Bochurim Explore the Story Behind the Food We Eat

The students at Darchai Menachem Mesivta had the opportunity to explore the backstory of shechita and kosher food and participate in farm chores at Pardess Chabad Farm in Southern Dutchess County, led by Shluchim Rabbi Zalman and Goldy Sandhaus.

Where does our food come from? What makes that food kosher?

The students at Darchai Menachem Mesivta had the opportunity to explore these questions at Pardess Chabad Farm, the Chabad center serving Southern Dutchess County. Led by Shluchim Rabbi Zalman and Goldy Sandhaus, Pardess Chabad Farm incorporates agricultural experiences in their Chabad house activities. On a recent Thursday, the boys made the trek to this secluded haven to learn farm chores and participate in a real life Shechita experience.

The boys began their experience with a crash course in Shechita from an experienced Shoichet who generously gave of his time for this important workshop. The Mesivta already had the pleasure of meeting this Shoichet for a Shechita experience back in Elul when he taught them how to shecht chickens, and now he returned to teach the laws of Shechita for larger animals. Using an interactive slideshow and exclusive footage, the Shoichet showed them all the steps of Shechita, all the way from sharpening the knife to removing the Cheilev.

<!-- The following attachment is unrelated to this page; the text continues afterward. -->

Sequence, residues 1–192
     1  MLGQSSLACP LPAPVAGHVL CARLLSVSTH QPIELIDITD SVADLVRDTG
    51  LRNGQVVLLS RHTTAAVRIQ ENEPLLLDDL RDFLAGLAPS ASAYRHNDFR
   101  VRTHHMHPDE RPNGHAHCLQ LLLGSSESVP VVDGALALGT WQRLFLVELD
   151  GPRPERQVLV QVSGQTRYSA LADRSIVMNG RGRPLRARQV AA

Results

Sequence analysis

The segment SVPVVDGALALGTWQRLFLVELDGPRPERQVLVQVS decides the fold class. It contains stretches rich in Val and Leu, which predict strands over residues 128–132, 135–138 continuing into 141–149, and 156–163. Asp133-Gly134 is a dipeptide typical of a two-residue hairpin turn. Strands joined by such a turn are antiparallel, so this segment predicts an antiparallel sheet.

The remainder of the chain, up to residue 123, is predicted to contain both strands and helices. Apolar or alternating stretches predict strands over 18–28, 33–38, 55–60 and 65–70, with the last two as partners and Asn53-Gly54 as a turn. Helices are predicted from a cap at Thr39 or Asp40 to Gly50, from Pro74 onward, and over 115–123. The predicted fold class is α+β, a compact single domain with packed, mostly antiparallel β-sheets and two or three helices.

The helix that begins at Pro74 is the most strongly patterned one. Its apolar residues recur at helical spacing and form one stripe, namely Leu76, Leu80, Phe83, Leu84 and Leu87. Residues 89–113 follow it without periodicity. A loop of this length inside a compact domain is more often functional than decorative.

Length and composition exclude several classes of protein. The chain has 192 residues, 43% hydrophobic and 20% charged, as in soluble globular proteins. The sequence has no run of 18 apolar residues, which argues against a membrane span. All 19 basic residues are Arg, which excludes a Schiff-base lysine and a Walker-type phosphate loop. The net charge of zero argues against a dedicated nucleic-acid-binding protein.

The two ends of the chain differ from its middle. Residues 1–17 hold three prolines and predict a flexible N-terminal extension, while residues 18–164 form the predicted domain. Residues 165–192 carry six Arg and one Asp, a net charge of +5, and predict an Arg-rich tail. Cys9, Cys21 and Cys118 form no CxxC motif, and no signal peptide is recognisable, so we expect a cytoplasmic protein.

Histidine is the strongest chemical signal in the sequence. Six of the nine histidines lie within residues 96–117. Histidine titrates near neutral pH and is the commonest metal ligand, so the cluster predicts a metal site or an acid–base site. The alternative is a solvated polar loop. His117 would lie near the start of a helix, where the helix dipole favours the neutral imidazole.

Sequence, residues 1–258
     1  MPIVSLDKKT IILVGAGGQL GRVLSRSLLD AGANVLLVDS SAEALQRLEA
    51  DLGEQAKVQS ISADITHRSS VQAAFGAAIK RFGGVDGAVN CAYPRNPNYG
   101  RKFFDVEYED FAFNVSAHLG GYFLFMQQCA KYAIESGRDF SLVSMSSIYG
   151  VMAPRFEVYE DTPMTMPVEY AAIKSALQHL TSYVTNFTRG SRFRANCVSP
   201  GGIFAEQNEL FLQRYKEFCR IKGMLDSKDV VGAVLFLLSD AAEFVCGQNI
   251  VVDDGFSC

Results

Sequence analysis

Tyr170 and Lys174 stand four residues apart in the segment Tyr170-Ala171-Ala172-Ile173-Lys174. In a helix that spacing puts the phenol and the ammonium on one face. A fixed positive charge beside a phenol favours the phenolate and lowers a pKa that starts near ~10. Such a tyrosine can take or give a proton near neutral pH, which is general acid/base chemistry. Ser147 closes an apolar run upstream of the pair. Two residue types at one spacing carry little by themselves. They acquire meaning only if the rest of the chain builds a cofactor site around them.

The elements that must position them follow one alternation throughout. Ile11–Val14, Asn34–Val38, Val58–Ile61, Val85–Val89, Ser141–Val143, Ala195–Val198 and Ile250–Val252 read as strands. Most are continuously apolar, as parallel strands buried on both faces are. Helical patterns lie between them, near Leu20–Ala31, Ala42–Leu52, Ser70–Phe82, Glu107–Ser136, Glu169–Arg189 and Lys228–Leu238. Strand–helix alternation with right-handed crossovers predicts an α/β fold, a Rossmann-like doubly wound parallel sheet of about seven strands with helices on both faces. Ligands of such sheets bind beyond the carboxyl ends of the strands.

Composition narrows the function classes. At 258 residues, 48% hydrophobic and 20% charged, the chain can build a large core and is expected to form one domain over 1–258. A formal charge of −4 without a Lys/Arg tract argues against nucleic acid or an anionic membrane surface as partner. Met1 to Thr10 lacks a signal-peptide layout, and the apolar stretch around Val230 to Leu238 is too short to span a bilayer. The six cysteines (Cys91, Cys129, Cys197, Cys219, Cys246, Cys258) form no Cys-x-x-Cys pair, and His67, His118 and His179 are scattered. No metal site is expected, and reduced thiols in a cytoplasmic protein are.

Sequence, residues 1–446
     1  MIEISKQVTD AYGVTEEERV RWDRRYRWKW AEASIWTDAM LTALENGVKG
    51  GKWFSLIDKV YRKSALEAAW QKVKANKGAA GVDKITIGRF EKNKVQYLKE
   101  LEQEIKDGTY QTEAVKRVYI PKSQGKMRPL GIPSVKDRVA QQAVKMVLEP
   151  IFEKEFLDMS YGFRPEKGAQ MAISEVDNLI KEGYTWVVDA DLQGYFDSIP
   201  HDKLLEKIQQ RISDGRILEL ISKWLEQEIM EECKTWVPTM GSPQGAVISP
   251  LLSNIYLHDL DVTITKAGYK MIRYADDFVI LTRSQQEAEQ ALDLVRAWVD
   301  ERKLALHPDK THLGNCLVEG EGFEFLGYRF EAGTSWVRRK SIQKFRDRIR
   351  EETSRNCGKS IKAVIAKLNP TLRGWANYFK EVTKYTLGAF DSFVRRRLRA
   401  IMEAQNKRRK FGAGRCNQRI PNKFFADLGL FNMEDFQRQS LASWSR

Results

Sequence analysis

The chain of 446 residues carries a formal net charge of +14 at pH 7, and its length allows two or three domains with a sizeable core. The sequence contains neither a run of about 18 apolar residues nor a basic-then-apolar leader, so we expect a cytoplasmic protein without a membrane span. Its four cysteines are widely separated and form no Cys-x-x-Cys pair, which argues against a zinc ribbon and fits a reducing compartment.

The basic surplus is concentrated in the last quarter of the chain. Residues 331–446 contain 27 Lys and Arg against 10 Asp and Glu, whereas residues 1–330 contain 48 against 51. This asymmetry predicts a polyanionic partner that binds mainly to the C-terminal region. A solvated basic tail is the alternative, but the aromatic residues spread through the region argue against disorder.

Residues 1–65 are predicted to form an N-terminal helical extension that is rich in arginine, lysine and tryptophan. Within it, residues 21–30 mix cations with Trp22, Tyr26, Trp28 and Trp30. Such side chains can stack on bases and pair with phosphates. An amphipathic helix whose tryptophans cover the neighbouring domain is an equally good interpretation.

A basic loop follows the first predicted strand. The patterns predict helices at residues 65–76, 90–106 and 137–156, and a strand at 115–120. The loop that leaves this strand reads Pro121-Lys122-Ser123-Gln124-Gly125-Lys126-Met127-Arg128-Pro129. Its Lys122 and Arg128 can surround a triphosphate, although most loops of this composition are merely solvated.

After the Shiur, the Darchai Menachem Mesivta was joined by a group of Bochurim from the Wilkes-Barre Yeshiva that are learning Shechita and their rebbe, Rabbi Eliyahu Ezagui, to actually schecht the sheep. In total, 4 sheep were shechted, which allowed the boys to get a thorough picture of the Shechita process. Upon completion of each Shechita the Shoichet explained what he had done and the manner in which he would confirm that his Shechita had been properly performed.

Once the animals were shechted, the boys split up into groups. The majority of the students went with Rabbi Sandhaus to help out with farm chores. One group built tables and benches, while other boys planted blueberry bushes and sunflowers. They drained a muddy patch for planting, removed weeds, and erected a new fence. The bochurim worked with the livestock as well, feeding and milking goats, and feeding the herd of alpacas that Rabbi Sandhaus raises on the farm.

A few of the boys continued learning the Shechita process with the Shoichtim. They skinned the animals and taught the boys the basics of butchery. When inspecting the lungs, the Shoichet pointed out which defects rendered some of the animals not Kosher. He also taught the boys which fats were Cheilev, and which were Kosher.

The boys’ learning journey didn’t stop when they left the farm, though. After a delicious barbeque and Mincha the Mesivta headed back to Crown Heights, bringing the freshly shechted meat with them. They had the opportunity to learn the process of soaking and then salting it, and barbequed the meat the next week for a delicious lunch.

It was a truly memorable experience that the bochurim will cherish for a lifetime.

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